The Attributes of God

February 16, 2011 — 1 Comment

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[This post is part of The Christian Faith series]

These two chapters of The Christian Faith start the second section of the book: God Who Lives. Chapter 6 covers the incommunicable attributes of God, while chapter 7 covers the communicable. This distinction is fairly typical of Reformed theology. In a way it is based on the distinction between God’s transcendence and immanence. Attributes related to transcendence are supposedly not shared by men and attributes of immanence are. Horton’s rationale underlying the approach is moving from the via negationis to the via eminentia. The former is focused on attributes that are framed negatively (infinite, immutable, invisible, etc.), while the latter is focused on attributes.

John Frame in his Doctrine of God notes that this distinction may be helpful for categorization but is not technically accurate:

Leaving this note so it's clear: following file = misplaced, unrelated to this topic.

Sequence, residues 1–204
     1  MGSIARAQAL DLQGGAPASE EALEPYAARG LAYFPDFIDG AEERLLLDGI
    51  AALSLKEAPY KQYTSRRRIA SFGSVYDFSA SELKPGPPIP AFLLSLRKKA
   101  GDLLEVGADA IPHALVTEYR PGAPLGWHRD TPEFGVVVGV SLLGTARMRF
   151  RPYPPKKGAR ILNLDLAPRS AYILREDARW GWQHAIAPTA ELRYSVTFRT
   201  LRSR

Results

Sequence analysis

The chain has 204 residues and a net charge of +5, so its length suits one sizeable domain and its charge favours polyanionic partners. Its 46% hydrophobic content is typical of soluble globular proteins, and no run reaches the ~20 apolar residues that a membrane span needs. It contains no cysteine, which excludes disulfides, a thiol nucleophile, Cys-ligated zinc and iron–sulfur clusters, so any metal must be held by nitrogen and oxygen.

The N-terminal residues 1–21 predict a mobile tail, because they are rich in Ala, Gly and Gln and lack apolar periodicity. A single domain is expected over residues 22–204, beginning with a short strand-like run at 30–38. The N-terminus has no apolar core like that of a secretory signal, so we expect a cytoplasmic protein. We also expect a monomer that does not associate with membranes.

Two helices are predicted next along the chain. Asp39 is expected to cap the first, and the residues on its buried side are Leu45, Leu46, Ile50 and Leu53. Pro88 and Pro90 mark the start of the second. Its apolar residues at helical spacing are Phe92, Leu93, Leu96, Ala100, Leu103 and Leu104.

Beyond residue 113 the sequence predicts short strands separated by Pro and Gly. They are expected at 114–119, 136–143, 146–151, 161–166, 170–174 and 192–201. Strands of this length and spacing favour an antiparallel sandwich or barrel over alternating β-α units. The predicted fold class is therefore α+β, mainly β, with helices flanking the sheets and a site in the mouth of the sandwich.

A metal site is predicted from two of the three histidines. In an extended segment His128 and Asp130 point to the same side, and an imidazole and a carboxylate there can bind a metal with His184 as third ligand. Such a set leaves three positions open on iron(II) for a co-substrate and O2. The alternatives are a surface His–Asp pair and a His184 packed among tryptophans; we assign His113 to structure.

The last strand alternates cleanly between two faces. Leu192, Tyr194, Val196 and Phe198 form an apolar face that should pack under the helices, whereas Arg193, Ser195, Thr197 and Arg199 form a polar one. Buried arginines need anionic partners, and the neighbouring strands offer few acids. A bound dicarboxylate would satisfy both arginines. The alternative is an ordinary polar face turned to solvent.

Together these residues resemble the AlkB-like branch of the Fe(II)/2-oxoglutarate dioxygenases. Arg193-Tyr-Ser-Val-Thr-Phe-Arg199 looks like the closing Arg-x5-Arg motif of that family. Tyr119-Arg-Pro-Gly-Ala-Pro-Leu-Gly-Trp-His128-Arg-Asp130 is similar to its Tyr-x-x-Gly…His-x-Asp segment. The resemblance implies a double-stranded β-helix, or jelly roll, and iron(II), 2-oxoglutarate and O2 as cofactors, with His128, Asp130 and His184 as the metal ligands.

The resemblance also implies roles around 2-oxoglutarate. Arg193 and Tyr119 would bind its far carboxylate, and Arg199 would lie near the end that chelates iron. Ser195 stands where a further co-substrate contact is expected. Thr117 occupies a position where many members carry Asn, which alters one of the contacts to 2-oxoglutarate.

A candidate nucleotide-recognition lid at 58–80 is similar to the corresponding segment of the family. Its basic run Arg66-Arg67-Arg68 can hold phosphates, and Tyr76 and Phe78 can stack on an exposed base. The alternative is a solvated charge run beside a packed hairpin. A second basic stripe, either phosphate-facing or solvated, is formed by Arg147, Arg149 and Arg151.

In one sense, all the divine attributes are incommunicable. Our love, at its best, is an image of God’s love, but it is not divine. God’s love is identical to his very essence, and therefore radically distinct from ours, even from our love at its best. In another sense, all divine attributes are communicable. Man is the image of God. We are not merely the image of some divine attributes; we image God himself, who is inseparable from all his attributes. (pg. 396)

You’ll have to read more of Frame if you want to see his reasoning, but certainly given Horton’s priority of both analogical knowledge and analogical existence, the attributes of God we may image are still just analogical (and he says so on pg. 259). He does note as well that the distinction is merely a heuristic device. Frame however alters his presentation accordingly and orders the attributes along his triperspectival understanding and separates them out into attributes of goodness (ethical), power (metaphysical), and knowledge (epistemological). There is no reason to fault Horton for following the traditional categories though, its just worth pointing out it does have some weaknesses.